As we approach 2024, developers and innovators can’t help but wonder what new technology and trends will enter the renewable energy arena in the coming year. While electric vehicles and an increase of solar panels in various neighborhoods are signs of progress in the modern age, it takes careful forethought and significant effort to launch green energy generation and garner the public support needed to see them to the finish line.
Before we can consider the finish line that these trends will make a reality, it's important to ask just what those renewable power development trends are. From green hydrogen and various energy technologies to federal tax incentives, the renewable energy industry is rapidly evolving. Although we could cite numerous facets of advancement in sustainable energy, the three prongs that will prove most salient in the coming year include:
- Multi-use land
- AI tools
Considering these individually, as well as at their nexus points, will help us create long-lasting sites that meet energy efficiency goals more quickly and sustainably. Moreover, accounting for community needs, land concerns, and project timelines will become symbiotic goals in 2024 – and the years to come.
Let's consider these trends one at a time, then take a look at how they're likely to intersect.
1. Multi-Use Land
Land is, and always has been, at a premium. Look anywhere in the world throughout ancient and contemporary history, and you will see this reality expressed in the prevalence of tension and conflict.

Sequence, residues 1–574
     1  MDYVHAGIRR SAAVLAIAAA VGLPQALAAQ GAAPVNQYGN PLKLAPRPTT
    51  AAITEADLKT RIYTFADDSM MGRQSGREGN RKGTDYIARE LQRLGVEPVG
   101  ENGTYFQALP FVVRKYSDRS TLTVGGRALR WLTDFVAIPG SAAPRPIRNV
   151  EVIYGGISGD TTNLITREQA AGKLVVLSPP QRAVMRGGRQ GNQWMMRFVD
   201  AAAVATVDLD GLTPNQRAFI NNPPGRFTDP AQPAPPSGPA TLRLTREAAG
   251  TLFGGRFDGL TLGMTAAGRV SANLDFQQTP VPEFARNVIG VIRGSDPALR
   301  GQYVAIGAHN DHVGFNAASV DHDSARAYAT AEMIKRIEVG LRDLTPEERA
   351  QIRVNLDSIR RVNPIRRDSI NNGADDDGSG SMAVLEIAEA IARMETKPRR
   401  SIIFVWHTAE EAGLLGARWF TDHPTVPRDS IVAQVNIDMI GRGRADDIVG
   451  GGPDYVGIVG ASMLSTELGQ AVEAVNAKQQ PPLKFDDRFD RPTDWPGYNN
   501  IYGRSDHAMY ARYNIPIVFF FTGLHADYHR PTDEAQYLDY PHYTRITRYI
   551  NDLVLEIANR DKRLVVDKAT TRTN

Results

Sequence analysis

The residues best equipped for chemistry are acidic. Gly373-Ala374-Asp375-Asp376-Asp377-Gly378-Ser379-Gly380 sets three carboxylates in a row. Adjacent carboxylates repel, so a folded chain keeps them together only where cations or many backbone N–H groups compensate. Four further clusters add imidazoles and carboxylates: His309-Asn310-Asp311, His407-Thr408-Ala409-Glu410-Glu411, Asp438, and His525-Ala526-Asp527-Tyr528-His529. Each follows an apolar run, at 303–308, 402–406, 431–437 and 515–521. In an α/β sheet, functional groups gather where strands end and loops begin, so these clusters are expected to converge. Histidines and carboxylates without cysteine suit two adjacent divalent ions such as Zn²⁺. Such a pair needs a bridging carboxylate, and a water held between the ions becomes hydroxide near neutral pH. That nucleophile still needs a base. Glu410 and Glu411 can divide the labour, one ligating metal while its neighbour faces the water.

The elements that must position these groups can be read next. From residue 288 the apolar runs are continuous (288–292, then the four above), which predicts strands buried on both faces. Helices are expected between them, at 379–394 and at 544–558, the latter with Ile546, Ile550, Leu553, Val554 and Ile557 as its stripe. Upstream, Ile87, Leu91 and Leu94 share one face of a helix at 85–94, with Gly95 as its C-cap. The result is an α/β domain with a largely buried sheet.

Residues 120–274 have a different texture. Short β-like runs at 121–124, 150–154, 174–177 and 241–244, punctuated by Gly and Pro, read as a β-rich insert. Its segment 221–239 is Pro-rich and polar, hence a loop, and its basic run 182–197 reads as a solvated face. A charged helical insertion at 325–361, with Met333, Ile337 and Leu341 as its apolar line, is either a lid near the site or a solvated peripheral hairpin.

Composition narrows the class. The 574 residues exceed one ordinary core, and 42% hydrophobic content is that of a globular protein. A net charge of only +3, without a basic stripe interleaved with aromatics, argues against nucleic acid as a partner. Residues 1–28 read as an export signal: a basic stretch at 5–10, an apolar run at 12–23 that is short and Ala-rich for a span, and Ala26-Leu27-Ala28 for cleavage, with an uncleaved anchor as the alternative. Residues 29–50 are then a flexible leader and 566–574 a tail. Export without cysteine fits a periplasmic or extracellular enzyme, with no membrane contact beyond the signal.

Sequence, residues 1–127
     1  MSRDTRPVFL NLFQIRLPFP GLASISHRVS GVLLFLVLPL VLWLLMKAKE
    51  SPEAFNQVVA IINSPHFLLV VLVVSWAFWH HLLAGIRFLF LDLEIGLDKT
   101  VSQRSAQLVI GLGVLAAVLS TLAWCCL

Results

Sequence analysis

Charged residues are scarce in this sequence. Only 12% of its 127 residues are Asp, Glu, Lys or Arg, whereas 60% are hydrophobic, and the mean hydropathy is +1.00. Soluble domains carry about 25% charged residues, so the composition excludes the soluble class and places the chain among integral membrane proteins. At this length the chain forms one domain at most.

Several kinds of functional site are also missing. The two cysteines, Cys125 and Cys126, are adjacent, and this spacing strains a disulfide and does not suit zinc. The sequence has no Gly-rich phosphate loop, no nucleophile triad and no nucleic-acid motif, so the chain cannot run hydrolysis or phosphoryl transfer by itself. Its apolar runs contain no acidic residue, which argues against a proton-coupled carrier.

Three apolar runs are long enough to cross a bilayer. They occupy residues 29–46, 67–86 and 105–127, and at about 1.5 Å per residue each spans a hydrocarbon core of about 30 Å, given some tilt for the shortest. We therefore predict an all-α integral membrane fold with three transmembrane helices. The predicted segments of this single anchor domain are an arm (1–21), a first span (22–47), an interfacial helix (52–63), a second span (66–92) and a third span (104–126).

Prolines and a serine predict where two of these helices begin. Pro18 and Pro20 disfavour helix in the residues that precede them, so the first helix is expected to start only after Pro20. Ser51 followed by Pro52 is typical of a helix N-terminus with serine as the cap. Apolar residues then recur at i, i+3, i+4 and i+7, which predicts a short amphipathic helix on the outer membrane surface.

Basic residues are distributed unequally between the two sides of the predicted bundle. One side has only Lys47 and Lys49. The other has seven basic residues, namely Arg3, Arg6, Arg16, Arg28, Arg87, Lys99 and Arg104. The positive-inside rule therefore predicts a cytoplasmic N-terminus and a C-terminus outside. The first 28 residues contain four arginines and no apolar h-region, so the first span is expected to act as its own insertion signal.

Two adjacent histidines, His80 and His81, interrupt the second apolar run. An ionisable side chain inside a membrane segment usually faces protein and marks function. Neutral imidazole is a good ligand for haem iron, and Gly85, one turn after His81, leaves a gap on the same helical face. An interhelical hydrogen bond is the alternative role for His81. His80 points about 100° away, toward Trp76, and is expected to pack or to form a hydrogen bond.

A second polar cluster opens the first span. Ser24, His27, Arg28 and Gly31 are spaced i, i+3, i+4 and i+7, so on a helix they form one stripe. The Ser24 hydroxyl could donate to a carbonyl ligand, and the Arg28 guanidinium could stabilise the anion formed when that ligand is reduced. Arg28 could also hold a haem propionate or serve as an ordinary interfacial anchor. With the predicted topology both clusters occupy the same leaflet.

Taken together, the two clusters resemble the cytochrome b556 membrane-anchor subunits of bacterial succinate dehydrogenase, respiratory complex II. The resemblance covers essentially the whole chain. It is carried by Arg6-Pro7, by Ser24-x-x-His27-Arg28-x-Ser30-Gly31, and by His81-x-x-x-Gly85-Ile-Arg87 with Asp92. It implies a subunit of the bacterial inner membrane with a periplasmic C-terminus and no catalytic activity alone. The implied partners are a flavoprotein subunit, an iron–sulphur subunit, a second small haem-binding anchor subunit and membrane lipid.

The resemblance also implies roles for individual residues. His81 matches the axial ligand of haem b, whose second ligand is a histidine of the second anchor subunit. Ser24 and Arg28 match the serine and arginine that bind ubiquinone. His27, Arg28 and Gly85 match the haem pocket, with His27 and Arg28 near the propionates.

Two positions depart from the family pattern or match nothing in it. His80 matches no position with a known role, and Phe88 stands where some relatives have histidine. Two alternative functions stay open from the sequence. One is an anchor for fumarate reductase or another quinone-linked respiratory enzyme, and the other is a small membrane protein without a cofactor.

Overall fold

Naturally, American developers and green-minded thinkers across the world want to avoid conflict wherever possible. One of the best ways to do this is to question conclusions that pose land as suitable for this or that. A nonbinary approach – that land can be suitable for this and that – will make better use of the acres and miles available to us.
Take agrivoltaics. This practice originated in Europe and is now a growing theme in the world of renewable power. Agrivoltaics is the use of land for solar photovoltaics (solar PV) and agriculture.
It's true that "Current and proposed solar land uses are a fairly minimal percentage of total county land use when compared to other land uses, typically less than 0.5 percent of most county's land footprint across the US," explains the Great Plains Institute.
However, that's still a lot of land solely dedicated to renewable energy production. Energy experts are currently working diligently to continue turning single-use tracts into multi-use land. The popularity of such endeavors is not in question. According to recent research, "The global agrivoltaics market was valued at $3.6 billion in 2021 and is projected to reach $9.3 billion by 2031, growing at a CAGR of 10.1% from 2022 to 2031."
Such efforts also maximize community sentiment, helping to keep farmland (always a win in rural communities), see a higher return on investment, and serve folks locally.
Other proponents for multi-use land recommend placing battery energy storage systems on solar and onshore wind sites rather than locating the two purposes separately, maximizing space and potential land productivity at the same time.
2. AI Tools
Artificial intelligence (AI) tools have been a hot-ticket conversation item well before the boom of the renewable energy sector in the last year. Now, AI is finally coming to the renewable energy market and has massive potential to increase productivity and accuracy.